Stephen A. Saltzburg, the Wallace and Beverley Woodbury University Professor of Law at the George Washington University Law School, will receive the 2021 Outstanding Service Award from the Fellows of the American Bar Foundation (ABF). Saltzburg will receive the award during the 65th Annual Fellows Awards Banquet, which will be held virtually on Tuesday, February 16, 2021.
The ABF Fellows Outstanding Service Award is given to an individual who has, in his or her professional career, adhered for more than thirty years to the highest principles and traditions of the legal profession and to the service of the public.
“We are thrilled to honor Stephen with the Fellows Outstanding Service Award for his exceptional contributions to the legal profession and service to the public,” said Honorable Eileen A. Kato (Ret.), National Chair of the ABF Fellows and Patron Fellow. “With a career that has spanned across law, education, and government, he is not only a leader but an inspiration to us all.”
“I am honored to receive such a significant recognition from the ABF Fellows,” said Saltzburg. “In a time when public service is crucial, it is a great privilege to be recognized with this award.”
Saltzburg has taught at the George Washington University Law School since 1990. He is the founder and Co-Director of the Master’s Program in Litigation and Dispute Resolution. Saltzburg served as the Howrey Professor of Trial Advocacy, Litigation and Professional Responsibility before becoming the Wallace and Beverley Woodbury University Professor of Law in January 2004.
He is also the co-founder and Director of the National Trial Advocacy College at the University of Virginia Law School, previously known as the University of Virginia Law School Trial Advocacy Institute. He was a professor at the University of Virginia School of Law from 1972 to 1990. Saltzburg was named the first incumbent of the Class of 1962 Endowed Chair.
Prior to becoming a professor, Saltzburg held various important government positions. He served two years (1988-1989) as Deputy Assistant Attorney General in the Criminal Division of the Department of Justice, and as the Attorney General’s ex officio representative on the United States Sentencing Commission (1989-1990). He was also appointed by the Secretary of the Treasury as the Director of the Tax Refund Fraud Task Force (1994-1995).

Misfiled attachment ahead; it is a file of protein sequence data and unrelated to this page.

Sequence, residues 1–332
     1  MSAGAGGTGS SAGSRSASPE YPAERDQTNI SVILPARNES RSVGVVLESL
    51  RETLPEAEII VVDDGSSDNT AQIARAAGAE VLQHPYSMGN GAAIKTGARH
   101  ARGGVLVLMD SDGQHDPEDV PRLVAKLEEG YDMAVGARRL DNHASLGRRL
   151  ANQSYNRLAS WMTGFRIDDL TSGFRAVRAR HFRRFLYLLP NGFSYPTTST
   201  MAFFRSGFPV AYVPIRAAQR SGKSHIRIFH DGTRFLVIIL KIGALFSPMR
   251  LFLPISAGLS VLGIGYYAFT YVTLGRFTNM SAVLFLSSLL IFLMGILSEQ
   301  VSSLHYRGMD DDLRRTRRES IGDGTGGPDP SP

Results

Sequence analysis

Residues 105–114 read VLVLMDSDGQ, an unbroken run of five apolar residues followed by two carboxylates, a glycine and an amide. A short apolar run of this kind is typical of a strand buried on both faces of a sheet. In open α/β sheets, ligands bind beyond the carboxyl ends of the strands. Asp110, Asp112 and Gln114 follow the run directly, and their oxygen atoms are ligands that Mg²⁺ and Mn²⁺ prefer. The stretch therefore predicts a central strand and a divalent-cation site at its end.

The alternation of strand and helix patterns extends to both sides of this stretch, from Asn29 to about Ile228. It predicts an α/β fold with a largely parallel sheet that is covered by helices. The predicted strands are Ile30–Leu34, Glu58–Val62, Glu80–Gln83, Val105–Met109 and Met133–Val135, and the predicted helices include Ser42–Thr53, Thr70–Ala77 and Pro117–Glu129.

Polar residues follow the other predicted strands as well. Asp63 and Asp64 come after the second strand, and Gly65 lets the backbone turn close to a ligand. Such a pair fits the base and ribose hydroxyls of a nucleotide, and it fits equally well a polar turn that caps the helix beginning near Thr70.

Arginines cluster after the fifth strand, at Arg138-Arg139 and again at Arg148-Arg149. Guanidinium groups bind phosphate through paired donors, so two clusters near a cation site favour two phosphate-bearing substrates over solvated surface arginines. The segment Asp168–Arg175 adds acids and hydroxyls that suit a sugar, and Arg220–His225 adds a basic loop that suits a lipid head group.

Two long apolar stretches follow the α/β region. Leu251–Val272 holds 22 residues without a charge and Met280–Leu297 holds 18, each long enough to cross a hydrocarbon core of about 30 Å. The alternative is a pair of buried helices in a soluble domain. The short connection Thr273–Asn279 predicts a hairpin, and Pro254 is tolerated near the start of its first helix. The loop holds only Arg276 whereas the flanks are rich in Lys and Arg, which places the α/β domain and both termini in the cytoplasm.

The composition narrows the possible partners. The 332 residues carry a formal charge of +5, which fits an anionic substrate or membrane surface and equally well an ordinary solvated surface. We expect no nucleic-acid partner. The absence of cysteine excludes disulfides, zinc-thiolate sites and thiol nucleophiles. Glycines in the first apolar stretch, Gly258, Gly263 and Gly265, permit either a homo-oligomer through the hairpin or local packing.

Saltzburg served in various government committees as a reporter, counsel, and chair. He was a reporter of the Advisory Committee on the Federal Rules of Criminal Procedure. He also served as chair and reporter for the Civil Justice Reform Act Committee for the District of Columbia District Court. From 1987 to 1988, Professor Saltzburg served as Associate Independent Counsel in the Iran-Contra investigation. Today, Saltzburg is a member of the ABA House of Delegates from the Criminal Justice Section (which he served as Chair in 2009).
Among his various accomplishments, Saltzburg has also produced numerous books and articles on criminal law and procedure, evidence, litigation, and trial advocacy. These include American Criminal Procedure (11th ed. 2018); Federal Rules of Evidence Manual (12th ed. 2019); Military Evidentiary Foundations (6th ed. 2016); Military Rules of Evidence Manual (8th ed. 2015); Trying Cases to Win: In One Volume (2013); and Trying Cases to Win: In One Volume Student Edition (2020).
About the American Bar Foundation
The American Bar Foundation (ABF) is the world’s leading research institute for the empirical and interdisciplinary study of law. The ABF seeks to expand knowledge and advance justice through innovative, interdisciplinary, and rigorous empirical research on law, legal processes, and legal institutions. To further this mission the ABF will produce timely, cutting-edge research of the highest quality to inform and guide the legal profession, the academy, and society in the United States and internationally. The ABF’s primary funding is provided by the American Bar Endowment and the Fellows of The American Bar Foundation.